The Public Is Marginalized in Private Sector Infrastructure or Development Projects

Malaluan is a trustee of Action for Economic Reforms, co-convenor of the Access to Information Network, and steering committee member of Global Transparency Initiative. This article was published in the Opinion Section, Yellow Pad Column of BusinessWorld, May 28, 2007  edition, page S1/4.

On 10 May 2007, the BOT-IRR Committee conducted a public hearing on proposed amendments to the Implementing Rules and Regulations (IRR) of Republic Act 6957, as amended by Republic Act 7718, more commonly referred to as the Build-Operate-Transfer Law (BOT Law).

Under the proposed changes, authority over project and contract approval (whether solicited or unsolicited), subsequent material deviations from the draft contract, contract variations after contract execution, and coordination and monitoring of ongoing projects, shall rest solely with the contracting agency or local government unit. The Investment Coordination Committee of the National Economic Development Authority (NEDA ICC) and local development councils, which under the present IRR have approving authority over BOT projects and contracts as well as over deviations and variations thereto, shall have the authority of approving only the list of priority projects under the amendments. The only exception is with respect to contractual arrangements that require the approval of the President for which the NEDA ICC/NEDA Board retains recommendatory authority. The BOT Center which under the present IRR is tasked with the coordination and monitoring of BOT projects will be abolished under the proposed arrangements.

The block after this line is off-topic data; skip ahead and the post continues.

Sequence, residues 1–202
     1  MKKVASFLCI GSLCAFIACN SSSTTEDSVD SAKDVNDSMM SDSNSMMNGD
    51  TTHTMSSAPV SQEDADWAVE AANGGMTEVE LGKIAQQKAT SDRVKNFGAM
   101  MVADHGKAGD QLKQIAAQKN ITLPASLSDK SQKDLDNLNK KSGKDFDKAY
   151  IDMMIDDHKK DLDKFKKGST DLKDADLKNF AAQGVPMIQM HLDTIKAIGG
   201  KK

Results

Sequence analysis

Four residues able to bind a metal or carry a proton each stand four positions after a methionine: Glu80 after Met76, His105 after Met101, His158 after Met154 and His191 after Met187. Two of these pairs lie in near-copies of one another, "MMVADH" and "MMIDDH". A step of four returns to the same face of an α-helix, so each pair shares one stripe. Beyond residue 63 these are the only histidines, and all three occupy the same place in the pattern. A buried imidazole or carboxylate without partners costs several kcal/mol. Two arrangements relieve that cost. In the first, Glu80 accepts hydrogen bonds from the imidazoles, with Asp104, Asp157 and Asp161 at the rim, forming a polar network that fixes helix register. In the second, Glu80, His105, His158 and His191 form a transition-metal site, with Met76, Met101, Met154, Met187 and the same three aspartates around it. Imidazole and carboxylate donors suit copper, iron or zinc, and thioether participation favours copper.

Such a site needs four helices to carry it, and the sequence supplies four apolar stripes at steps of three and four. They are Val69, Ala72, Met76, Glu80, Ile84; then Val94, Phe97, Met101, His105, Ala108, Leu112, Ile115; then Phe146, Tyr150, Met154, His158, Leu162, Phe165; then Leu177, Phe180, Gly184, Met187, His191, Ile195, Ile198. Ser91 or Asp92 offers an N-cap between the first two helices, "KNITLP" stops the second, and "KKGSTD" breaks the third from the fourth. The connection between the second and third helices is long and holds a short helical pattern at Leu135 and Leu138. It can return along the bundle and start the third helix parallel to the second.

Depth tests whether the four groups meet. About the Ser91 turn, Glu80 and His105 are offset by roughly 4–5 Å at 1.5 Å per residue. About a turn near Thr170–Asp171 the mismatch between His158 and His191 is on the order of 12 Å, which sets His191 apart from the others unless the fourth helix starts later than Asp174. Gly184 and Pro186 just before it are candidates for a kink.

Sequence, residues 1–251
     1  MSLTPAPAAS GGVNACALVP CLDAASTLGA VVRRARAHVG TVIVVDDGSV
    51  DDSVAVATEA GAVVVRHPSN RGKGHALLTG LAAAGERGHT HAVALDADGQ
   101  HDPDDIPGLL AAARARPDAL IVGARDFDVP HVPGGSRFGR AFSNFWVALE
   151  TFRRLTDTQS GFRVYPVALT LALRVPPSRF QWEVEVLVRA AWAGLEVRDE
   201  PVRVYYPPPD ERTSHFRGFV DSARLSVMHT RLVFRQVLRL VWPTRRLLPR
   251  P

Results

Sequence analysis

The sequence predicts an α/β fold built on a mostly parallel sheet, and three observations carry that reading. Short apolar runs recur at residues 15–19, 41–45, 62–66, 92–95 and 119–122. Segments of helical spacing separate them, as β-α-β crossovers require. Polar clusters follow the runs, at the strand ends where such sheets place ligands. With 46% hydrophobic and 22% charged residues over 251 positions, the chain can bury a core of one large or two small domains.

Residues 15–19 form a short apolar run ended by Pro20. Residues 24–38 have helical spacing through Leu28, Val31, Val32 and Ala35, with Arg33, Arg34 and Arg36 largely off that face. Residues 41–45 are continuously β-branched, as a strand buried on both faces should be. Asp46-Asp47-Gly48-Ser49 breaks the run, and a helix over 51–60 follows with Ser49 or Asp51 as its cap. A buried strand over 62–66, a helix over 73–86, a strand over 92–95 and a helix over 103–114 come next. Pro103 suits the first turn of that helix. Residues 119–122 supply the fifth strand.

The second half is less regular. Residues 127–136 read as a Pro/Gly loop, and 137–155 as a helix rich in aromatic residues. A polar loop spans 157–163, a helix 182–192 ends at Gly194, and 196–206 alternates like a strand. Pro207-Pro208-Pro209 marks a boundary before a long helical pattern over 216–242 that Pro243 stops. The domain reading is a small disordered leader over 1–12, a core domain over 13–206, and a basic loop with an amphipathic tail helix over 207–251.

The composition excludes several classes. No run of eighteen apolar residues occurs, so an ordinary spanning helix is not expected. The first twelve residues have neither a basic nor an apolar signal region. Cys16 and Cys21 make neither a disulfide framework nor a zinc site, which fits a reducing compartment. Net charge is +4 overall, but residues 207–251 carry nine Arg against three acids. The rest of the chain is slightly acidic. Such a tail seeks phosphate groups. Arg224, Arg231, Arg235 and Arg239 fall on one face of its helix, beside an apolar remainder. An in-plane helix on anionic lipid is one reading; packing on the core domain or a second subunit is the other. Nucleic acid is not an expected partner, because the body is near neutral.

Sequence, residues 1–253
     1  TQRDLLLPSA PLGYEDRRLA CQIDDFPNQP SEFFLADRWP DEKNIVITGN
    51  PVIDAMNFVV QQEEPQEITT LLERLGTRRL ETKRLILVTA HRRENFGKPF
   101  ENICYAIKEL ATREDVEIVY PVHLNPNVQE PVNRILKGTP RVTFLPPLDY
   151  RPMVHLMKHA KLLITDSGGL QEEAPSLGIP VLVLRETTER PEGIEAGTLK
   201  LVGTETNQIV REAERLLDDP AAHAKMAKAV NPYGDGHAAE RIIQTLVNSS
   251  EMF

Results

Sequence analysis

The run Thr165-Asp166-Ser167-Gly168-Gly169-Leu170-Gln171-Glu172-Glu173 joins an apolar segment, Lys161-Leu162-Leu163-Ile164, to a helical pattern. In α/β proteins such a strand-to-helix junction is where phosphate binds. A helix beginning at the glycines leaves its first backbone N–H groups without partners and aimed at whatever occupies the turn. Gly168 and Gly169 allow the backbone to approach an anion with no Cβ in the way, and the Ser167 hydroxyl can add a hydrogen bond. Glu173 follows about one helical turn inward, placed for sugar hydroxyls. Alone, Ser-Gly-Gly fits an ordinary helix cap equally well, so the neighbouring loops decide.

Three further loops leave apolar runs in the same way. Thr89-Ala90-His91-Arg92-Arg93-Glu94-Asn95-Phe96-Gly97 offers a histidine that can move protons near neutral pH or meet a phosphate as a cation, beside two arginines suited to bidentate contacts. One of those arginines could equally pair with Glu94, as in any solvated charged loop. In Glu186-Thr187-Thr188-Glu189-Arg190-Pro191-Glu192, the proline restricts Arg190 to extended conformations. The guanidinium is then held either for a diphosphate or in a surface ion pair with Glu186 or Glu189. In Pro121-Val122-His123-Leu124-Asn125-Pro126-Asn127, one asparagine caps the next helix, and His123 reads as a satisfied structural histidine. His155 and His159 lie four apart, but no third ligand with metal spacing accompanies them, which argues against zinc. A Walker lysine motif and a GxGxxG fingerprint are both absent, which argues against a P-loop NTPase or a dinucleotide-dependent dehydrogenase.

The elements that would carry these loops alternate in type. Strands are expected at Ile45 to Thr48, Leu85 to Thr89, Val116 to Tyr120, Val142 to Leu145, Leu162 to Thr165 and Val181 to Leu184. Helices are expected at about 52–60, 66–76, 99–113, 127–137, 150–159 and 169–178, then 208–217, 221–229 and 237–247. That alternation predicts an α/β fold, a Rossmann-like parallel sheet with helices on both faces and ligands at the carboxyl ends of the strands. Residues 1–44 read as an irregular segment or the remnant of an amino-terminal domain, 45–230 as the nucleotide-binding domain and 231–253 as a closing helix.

In sum, the proposed amendments strip to the barest the oversight functions of the NEDA ICC and local development councils, purportedly with the objective of fast-tracking the approval and execution of BOT projects and contracts.

In the public hearing, it became clear that the proposed amendments did not have the support of representatives from key stakeholders, including the private sector, the donor, policy and academic communities, and non-government organizations. Representatives from the private sector and donor community emphasized that the major source of the delays in project closure has been the low level of expertise in project preparation at the agency level. There was consensus among the stakeholders that removing the oversight functions of the NEDA ICC would only aggravate the capacity problem, and would also likely result in excesses at the agency level.